G7 Leaders Create “Hiroshima AI Process” to Discuss Generative AI Regulation

The Group of Seven (G7) nations want to create an international standard for generative AI and announced the first steps toward reaching that goal during their recent meeting in Japan. The “Hiroshima AI Process” will produce a report by the end of the year on setting standards for safety and trustworthiness, according to a summary of a working lunch.

Hiroshima Ai Process

The G7 pointed toward a need or making AI more trustworthy and suggested regulation has not matched the advances and spread of the technology. Though “the common vision and goal of trustworthy AI may vary,” the organization said it hopes to set up at least the initial standards for generative AI. The plan is to start a ministerial forum for the “Hiroshima AI Process,” which will lay out the issues and some options to address problems that are already arising including disinformation and copyright infringement. The G7 also formally asked the Organisation for Economic Cooperation and Development to come up with its own analysis of how different policies for generative AI may be developed. The G7 leaders choosing to include generative AI in their agreed-upon statement comes after a meeting of the G7 digital ministers that similarly suggested the need for AI rules to address potential risks.

“We recognize the need to immediately take stock of the opportunities and challenges of generative AI, which is increasingly prominent across countries and sectors, and encourage international organizations…to consider analysis on the impact of policy developments and Global Partnership on AI (GPAI) to conduct practical projects,” the G7 said in its leadership communique.  “In this respect, we task relevant ministers to establish the Hiroshima AI process, through a G7 working group, in an inclusive manner and in cooperation with the OECD and GPAI, for discussions on generative AI by the end of this year. These discussions could include topics such as governance, safeguard of intellectual property rights including copy rights, promotion of transparency, response to foreign information manipulation, including disinformation, and responsible utilization of these technologies.”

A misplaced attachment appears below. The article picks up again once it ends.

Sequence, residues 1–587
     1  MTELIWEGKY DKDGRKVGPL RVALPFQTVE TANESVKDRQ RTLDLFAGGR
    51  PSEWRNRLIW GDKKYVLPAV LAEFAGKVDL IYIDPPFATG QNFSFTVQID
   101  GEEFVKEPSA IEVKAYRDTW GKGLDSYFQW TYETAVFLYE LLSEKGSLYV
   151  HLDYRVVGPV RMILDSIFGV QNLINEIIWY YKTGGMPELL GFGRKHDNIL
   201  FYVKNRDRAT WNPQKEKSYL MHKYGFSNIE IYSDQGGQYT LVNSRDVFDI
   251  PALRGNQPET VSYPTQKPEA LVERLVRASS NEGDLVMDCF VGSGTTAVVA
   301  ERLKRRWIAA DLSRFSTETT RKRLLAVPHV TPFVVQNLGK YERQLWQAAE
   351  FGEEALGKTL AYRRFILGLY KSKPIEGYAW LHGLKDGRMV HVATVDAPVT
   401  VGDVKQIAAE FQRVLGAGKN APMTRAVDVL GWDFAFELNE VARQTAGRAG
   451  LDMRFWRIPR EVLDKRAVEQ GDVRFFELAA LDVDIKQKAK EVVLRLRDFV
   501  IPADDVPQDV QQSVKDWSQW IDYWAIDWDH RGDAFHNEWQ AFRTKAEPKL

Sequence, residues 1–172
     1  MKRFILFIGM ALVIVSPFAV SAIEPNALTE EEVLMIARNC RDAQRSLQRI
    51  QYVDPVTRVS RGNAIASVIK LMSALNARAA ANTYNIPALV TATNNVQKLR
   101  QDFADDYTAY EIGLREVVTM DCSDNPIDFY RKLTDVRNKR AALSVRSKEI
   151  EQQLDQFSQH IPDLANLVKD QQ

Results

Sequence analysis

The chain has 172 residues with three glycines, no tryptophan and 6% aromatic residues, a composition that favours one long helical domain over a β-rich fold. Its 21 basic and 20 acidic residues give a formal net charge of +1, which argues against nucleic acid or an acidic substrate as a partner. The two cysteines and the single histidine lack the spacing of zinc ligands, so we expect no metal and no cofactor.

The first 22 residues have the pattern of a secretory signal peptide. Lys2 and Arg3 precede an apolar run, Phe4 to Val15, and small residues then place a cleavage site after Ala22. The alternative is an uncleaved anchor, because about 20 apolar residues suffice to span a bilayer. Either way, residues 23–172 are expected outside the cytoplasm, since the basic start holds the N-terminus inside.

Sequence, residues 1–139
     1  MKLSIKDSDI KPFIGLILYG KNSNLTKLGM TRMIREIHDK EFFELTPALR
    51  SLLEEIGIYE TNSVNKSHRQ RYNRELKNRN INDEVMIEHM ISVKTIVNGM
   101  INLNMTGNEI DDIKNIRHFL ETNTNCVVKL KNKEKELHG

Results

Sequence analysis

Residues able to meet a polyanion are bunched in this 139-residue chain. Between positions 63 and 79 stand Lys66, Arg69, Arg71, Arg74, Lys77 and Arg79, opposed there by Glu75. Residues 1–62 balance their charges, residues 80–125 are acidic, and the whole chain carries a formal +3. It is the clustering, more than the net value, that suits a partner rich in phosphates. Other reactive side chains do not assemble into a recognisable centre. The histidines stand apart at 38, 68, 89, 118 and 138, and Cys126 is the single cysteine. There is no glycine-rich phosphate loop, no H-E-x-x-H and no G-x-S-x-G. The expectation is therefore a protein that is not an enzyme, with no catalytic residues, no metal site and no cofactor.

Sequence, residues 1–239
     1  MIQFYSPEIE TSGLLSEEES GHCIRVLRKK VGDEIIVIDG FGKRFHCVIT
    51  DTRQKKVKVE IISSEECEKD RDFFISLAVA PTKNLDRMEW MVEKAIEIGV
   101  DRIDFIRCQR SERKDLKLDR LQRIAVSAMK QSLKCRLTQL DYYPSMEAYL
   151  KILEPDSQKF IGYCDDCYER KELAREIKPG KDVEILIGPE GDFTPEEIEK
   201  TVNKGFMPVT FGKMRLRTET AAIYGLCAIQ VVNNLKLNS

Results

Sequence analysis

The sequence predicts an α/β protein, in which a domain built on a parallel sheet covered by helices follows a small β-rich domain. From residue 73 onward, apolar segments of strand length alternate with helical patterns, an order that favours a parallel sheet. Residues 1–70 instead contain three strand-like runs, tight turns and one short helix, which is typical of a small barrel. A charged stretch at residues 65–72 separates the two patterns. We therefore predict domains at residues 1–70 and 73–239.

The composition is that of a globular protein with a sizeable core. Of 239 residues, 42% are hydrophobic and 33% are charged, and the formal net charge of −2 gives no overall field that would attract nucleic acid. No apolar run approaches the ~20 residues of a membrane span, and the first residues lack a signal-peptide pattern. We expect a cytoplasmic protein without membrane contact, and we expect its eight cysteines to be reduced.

OpenAI CEO Sam Altman and other generative AI company executives have started drawing a lot more attention from regulators in recent months. Altman, along with IBM chief privacy officer Christina Montgomery and NYU professor Gary Marcus just testified to Congress on the technology and the need for regulation. That followed a meeting at the White House with President Biden and Vice President Harris, and higher-ups in the administration to discuss the same topic. Altman met with several dozen lawmakers the evening before the hearing for dinner, which likely helped make the room a bit friendlier during the actual hearing. Meanwhile, the European Union is moving ahead with generative AI regulation as part of the AI Act and China has issued strict rules surrounding the technology, especially with regards to deepfake usage.

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